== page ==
Broadcasters of the Future: New Generation Thinkers, Sunday 17 June
Meet five New Generation Thinkers and hear their ideas on topics ranging from Sarah Scott and the dream of a female utopia to John Gower, the forgotten medieval poet. New Generation Thinkers is a nationwide scheme run by BBC Radio 3 and the Arts and Humanities Research Council (AHRC) to find the brightest minds at the start of their careers with the potential to share their cutting-edge research through broadcasting. The session will be recorded for broadcast on BBC Radio 3’s The Essay in late June.
York Design Awards: Winners presentation, Monday 25 June (Post Festival event)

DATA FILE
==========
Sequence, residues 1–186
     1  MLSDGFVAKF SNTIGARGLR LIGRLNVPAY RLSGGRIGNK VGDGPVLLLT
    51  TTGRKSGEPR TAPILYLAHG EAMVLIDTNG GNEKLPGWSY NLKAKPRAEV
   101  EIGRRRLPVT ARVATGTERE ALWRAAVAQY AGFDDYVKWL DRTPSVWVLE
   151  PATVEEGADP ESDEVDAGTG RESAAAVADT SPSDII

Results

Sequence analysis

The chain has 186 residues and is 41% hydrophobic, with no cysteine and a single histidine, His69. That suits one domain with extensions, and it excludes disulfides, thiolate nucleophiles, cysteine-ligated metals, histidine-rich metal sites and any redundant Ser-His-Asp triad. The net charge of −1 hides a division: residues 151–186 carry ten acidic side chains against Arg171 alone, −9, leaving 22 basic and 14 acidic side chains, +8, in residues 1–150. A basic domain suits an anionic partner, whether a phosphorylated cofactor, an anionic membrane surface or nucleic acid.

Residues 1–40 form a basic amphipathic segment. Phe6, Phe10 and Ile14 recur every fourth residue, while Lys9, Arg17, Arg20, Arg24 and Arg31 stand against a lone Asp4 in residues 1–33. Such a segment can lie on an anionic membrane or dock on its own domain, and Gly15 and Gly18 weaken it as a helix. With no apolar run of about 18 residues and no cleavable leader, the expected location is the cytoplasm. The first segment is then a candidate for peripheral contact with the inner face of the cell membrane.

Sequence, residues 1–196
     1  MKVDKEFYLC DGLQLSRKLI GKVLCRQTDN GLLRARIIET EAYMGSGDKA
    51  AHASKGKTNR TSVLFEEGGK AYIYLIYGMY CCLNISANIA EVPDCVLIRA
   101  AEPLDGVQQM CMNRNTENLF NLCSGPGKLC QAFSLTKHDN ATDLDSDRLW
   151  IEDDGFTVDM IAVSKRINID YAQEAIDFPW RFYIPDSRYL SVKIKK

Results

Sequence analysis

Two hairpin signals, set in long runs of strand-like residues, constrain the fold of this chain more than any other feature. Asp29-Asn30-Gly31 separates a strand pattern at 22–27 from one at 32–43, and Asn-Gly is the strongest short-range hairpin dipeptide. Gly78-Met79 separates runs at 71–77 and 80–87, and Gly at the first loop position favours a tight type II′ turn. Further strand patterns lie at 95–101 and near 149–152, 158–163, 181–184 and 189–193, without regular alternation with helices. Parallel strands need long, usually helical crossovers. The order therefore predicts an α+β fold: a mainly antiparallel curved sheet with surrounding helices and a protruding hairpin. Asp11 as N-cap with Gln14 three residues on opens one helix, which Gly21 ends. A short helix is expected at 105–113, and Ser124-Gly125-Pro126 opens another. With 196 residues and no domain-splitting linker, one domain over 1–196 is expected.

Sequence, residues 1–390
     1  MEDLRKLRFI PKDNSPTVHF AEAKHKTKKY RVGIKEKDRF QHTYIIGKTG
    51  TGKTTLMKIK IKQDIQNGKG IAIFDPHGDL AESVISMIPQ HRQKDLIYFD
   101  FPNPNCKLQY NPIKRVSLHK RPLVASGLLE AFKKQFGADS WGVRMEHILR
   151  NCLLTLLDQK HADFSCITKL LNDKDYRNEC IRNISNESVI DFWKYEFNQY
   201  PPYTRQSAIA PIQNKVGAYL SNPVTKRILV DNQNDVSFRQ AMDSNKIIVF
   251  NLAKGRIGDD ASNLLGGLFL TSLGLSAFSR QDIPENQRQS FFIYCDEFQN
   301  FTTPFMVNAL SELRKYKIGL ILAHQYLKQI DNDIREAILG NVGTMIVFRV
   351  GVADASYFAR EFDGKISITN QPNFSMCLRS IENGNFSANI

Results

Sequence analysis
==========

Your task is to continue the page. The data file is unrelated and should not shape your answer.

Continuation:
Join us for the 12th annual York Design Awards presentation in categories covering residential, community and commercial buildings, and open spaces. York Design Awards promotes excellence in architectural design and conservation in the York area. Good sustainable design and conservation support the city’s special heritage and contribute to the well-being of its residents and visitors.
Refuse/RefugeFriday 20 July to Sunday 16 September (Post festival event)
Refuse/Refuge is an exhibition of contemporary art exploring the role of visual politics in shaping the public's reactions to the 21st-century refugee crisis. Curated by University of York PhD students Kyveli Lignou-Tsamantani and Martha Cattell, the exhibition is supported by the University’s History of Art Department, York Festival of Ideas, the White Rose College of the Arts & Humanities, and the Arts and Humanities Research Council.